COVID Vaccine Equity Research Dialogues (CoVEReD)
COVID Vaccine Equity Research Dialogues (CoVEReD)
May 4, 2021
Jennifer Tolbert
Can we overcome vaccine barriers for immigrants in the U.S.—and improve access globally?
In today's edition of our COVID Vaccine Equity Research Dialogues (CoVEReD), Rebecca Weintraub, MD joins hosts Alison Buttenheim, PhD, MBA and Harald Schmidt, PhD, MA to discuss barriers to vaccination.
Alison Buttenheim, Harald Schmidt
Weintraub is Assistant Professor in the Department of Global Health and Social Medicine at Harvard Medical School, and leads Better Evidence and the COVID-19 Vaccine Delivery at Ariadne Labs. 
Watch the 14-minute video discussion below, followed by a written episode overview.
CoVEReD Video
Episode Overview
Even as the Biden administration hit 200 million COVID vaccines administered in under 100 days, inequities persist. The CoVEReD team is joined by Rebecca Weintraub of the Global Health Delivery Project at Harvard University, and they discuss barriers to vaccination for certain marginalized groups who frequently face disproportionate hurdles. Requests for ID have been an unnecessary deterrent, both for undocumented individuals fearful that the information will be used to track immigration status, and for people who are simply afraid it will result in a bill. Even in states that explicitly don't require ID, it is the first question asked at many vaccination sites. Weintraub and Schmidt have called for creating straightforward pathways for people to register for and obtain vaccines without needing to show ID.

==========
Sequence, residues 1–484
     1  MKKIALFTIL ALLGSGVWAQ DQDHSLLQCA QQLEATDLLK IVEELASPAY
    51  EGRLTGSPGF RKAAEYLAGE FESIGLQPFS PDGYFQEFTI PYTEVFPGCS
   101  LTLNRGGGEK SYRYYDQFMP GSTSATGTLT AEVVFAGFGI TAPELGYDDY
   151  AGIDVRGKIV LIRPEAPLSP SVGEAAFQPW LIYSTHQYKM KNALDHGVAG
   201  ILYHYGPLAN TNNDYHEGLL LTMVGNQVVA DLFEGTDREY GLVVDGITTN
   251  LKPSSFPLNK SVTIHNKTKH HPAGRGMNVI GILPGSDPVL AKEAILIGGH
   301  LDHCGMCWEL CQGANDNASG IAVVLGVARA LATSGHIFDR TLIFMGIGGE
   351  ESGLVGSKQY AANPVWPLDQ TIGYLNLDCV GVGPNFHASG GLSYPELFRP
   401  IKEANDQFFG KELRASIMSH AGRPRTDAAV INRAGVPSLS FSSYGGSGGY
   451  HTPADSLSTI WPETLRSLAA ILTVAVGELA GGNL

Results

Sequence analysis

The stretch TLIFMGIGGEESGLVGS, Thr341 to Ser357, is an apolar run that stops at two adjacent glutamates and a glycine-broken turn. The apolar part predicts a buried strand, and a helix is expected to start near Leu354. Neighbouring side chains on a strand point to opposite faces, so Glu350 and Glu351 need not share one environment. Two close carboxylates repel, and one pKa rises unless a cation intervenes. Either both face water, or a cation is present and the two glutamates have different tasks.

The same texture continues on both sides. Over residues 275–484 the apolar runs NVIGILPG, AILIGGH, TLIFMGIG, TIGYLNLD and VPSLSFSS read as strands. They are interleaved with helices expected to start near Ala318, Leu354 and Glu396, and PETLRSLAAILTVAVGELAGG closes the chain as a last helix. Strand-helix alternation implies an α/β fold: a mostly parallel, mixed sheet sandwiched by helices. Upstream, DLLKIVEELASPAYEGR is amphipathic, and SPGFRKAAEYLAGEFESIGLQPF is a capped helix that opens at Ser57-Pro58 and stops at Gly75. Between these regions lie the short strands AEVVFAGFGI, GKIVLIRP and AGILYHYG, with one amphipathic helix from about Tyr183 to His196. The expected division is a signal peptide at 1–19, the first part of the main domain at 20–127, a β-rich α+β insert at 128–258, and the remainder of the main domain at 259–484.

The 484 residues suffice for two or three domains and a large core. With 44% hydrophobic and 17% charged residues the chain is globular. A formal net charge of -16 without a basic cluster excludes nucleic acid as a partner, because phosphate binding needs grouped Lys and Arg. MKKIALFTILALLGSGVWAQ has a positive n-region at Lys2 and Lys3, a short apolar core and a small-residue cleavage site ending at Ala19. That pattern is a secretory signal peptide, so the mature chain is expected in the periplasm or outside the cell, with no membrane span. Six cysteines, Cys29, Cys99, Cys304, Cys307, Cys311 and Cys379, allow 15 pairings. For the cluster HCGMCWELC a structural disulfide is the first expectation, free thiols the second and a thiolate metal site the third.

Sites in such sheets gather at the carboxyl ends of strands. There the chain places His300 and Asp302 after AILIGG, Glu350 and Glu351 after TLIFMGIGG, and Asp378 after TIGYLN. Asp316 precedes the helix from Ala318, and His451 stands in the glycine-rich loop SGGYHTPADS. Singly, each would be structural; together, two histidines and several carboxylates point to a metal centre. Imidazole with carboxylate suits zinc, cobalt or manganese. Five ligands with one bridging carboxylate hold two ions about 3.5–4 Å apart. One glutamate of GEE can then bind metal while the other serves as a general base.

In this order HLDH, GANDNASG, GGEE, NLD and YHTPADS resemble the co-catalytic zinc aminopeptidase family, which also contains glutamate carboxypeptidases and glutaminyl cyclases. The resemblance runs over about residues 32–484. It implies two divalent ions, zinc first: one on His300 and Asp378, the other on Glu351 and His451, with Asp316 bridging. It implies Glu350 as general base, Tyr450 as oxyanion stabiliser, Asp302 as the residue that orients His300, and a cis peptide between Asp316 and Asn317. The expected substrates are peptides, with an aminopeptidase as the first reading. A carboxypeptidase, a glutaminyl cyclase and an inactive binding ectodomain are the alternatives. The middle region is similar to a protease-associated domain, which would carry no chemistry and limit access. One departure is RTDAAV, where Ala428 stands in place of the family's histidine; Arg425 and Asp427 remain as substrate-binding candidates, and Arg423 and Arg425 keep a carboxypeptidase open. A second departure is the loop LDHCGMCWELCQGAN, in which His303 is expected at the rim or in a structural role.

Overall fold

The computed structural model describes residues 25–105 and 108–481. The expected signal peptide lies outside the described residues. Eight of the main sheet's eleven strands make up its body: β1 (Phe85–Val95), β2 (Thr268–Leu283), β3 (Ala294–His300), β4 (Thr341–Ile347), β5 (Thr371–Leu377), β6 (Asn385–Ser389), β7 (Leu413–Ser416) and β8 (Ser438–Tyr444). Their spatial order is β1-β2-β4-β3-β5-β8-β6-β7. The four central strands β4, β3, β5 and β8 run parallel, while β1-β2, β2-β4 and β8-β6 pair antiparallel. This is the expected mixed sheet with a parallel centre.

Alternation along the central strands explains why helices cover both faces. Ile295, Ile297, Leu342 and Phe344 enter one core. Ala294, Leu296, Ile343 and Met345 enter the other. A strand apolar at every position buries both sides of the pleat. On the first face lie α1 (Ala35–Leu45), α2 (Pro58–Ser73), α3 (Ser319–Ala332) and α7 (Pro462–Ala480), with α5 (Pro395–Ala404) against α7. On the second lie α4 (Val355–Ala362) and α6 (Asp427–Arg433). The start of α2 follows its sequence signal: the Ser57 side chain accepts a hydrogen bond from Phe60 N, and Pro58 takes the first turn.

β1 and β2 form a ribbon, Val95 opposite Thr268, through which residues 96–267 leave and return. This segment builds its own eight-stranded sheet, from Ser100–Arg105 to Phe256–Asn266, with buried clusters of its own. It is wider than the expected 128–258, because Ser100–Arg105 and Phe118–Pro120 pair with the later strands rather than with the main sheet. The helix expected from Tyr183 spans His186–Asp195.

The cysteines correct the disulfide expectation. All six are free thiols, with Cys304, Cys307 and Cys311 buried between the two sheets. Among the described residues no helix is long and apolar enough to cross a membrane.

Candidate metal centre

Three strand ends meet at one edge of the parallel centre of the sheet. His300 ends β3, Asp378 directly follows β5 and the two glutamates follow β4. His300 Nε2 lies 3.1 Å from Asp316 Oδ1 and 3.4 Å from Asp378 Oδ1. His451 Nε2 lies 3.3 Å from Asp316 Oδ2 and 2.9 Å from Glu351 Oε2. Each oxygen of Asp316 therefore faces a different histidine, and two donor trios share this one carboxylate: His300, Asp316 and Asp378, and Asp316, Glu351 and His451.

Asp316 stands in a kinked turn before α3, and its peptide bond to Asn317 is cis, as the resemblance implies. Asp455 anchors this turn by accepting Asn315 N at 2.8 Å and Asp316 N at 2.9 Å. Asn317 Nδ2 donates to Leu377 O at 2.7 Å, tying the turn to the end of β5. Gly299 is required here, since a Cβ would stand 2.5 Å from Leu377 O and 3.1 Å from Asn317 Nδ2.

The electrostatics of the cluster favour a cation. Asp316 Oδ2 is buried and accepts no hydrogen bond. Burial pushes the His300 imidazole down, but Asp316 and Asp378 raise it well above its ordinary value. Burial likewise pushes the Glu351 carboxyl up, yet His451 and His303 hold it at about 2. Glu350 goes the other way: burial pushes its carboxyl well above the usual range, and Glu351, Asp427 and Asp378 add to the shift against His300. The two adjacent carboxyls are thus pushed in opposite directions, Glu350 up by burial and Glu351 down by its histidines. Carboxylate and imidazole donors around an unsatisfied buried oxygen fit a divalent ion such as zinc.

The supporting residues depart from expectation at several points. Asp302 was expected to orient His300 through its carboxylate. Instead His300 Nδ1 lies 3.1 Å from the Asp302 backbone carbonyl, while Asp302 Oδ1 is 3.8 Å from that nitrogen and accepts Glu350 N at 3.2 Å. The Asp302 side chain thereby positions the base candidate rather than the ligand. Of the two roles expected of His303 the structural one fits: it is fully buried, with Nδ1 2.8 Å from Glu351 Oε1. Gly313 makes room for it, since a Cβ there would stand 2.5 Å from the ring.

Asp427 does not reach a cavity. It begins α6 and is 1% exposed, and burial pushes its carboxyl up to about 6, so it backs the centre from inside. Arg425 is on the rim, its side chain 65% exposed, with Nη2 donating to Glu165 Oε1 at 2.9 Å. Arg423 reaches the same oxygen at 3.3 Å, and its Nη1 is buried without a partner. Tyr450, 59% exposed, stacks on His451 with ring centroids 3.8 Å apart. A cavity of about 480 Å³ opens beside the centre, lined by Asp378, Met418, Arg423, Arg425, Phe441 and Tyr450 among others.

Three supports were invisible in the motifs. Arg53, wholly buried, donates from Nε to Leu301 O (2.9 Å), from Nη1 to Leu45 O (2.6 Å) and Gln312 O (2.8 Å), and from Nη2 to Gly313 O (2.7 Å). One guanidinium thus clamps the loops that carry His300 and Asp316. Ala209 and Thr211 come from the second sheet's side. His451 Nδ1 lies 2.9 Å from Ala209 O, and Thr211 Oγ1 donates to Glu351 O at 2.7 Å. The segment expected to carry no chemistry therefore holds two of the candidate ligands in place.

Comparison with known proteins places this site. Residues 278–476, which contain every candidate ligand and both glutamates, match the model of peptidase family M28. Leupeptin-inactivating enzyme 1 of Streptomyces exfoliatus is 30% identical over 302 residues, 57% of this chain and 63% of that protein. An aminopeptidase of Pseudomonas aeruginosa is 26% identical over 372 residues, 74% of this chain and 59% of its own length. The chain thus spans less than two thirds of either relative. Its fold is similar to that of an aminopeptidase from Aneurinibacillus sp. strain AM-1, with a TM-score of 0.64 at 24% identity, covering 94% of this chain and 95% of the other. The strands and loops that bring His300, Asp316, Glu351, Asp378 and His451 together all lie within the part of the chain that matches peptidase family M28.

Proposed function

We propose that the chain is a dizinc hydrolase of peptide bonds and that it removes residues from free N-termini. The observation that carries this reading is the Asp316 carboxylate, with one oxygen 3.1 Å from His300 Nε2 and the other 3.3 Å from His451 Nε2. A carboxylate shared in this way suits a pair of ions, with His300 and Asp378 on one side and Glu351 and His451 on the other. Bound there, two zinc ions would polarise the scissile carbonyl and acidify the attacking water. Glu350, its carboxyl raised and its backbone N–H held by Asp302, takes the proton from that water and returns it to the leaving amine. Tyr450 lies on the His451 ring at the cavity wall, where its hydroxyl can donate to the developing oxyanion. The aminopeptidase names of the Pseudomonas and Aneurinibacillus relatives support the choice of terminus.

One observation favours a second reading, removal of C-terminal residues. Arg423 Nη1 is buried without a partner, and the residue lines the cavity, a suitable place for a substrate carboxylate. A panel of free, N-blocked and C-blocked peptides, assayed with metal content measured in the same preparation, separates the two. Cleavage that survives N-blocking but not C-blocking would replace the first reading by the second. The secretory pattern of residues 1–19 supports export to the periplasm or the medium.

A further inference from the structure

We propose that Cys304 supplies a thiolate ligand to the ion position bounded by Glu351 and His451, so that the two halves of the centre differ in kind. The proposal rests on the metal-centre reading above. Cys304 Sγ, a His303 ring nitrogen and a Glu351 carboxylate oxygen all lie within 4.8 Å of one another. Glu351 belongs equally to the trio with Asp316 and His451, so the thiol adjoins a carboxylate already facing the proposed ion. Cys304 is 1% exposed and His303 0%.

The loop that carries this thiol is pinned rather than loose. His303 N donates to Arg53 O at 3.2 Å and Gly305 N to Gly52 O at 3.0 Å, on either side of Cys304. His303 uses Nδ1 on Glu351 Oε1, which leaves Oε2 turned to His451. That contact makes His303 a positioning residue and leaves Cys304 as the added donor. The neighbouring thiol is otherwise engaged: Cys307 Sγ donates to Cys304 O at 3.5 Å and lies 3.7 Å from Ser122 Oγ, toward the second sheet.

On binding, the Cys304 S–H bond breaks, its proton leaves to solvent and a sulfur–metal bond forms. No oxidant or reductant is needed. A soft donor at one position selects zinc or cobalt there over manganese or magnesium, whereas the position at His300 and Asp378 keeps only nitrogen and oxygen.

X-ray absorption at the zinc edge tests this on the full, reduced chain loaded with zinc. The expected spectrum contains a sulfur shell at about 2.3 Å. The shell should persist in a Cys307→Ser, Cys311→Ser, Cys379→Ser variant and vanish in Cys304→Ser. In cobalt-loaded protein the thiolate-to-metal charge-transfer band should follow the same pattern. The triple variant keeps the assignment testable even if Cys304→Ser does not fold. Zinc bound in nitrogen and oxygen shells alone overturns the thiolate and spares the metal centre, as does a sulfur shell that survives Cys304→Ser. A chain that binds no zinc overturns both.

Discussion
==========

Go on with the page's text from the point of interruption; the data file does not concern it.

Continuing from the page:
Globally, more vulnerable countries also trail far behind wealthier nations, and debate has persisted around equitable allocation of vaccine supply. As Dr. Weintraub notes, the seeds of vaccine nationalism were planted in the early days of the pandemic as individual countries negotiated with pharmaceutical companies for future doses, rather than taking a more collaborative approach. As a result, countries like the U.S. are starting to see supply outpace demand, while hard-hit places like India and Brazil simply do not have the materials needed to boost production. There is still an opportunity to course correct, though. Getting much needed funding to COVAX—a WHO-led collaborative dedicated to getting vaccine supply to 92 low- and middle-income countries—is a start. Beyond this, the U.S. can assume a leadership role as it has in response to past global health crises, recognizing that our moral obligations and our own best interests are intertwined.
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